The drive from Aarhus to Skagen was uneventful and pretty.  The landscape of Denmark is quite nice, albeit very flat.  There is lots of farmland, and there are many small picturesque towns between Aarhus and Skagen.  We arrived in Skagen right around 1230 and happened upon the skagen bryghus.  We had a delightful lunch of pickled herring, skagen toast (which is basically shrimp salad and crusty bread), fried oysters, octopus salad, a fantastic mixed cheese board and some damn fine craft beers.
Bryghus sampler
Bryghus driftwood Christmas tree
We headed to Grenen beach after lunch.  It is a unique place to visit because here (at Denmarks most northern point) the Skagerrak and Kattegat seas meet in ‘eternally crashing waves’ and head on out to join up with the Baltic and North seas.  These two bodies of water have slightly different salinity and as such have slightly different densities.  There is clear line where they meet and the waves run out into the ocean away from the shore.  It is breathtaking.  We got super lucky because it was a pretty cloudy day, but as soon as we walked out onto the beach the sun came out.  There are also old WW2 bunkers here, which despite being a reminder of a rather turbulent past, are fun to see.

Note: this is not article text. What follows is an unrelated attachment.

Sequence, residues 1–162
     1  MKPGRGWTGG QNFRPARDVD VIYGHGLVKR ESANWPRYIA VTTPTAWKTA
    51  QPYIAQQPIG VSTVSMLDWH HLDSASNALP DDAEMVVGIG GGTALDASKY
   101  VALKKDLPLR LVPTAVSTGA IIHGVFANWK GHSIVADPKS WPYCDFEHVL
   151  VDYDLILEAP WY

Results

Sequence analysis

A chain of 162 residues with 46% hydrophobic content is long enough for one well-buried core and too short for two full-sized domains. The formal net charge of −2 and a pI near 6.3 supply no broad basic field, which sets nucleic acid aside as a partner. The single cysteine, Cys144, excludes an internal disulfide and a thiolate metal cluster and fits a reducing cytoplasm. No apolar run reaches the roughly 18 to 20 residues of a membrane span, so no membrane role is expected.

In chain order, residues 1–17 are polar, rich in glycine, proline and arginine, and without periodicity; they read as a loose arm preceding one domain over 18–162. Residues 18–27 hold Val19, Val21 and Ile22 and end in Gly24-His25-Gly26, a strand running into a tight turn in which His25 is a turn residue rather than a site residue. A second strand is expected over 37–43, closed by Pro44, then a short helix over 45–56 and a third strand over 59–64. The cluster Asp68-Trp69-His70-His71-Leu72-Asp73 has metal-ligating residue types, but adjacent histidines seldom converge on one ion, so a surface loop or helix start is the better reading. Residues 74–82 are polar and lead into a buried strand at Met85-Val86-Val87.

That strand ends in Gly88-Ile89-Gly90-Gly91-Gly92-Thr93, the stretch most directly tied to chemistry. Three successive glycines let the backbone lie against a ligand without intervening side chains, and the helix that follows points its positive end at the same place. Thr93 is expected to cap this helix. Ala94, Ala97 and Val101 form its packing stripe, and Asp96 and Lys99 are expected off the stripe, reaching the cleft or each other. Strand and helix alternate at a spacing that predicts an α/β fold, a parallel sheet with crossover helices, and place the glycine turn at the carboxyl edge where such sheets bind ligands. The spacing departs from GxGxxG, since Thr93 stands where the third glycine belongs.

You can clearly see the line where the two seas meet.  So. Cool.
The sun gifted us with her presence.  ♥
I like to hop on rocks.  That big rock looking structure in the ocean is actually the top of a sunken WW2 bunker.
From here we headed to a place called Råbjerg Mile.  This is a roving sand dune.  It is a massive dune containing 4 million cubic meters of sand that moves about 18m a year due to the lay of the land and the intense winds in northern Denmark.  This impressive dune has literally buried churches and homes.  It led to the formation of the sand drift act of 1857, which basically strategically planted trees and planned urban development in such a way to minimize the damage caused by this monster.  We got to the dune right around sunset so the lighting was perfect.  It felt a lot like being on another planet.  I am, however, still getting sand out of my pockets.
Is that Tatooine?
NPD made a sand angel.
We raced to the top.  I did not win.
Sometimes we are gross in public.  Not often does this gross-ness get such an epic backdrop.
I should add here that NPD gets the photo credit for pretty much all of these amazing photos because after navigating us to northern denmark, my phones’ battery bit the dust   (or the sand, in this case).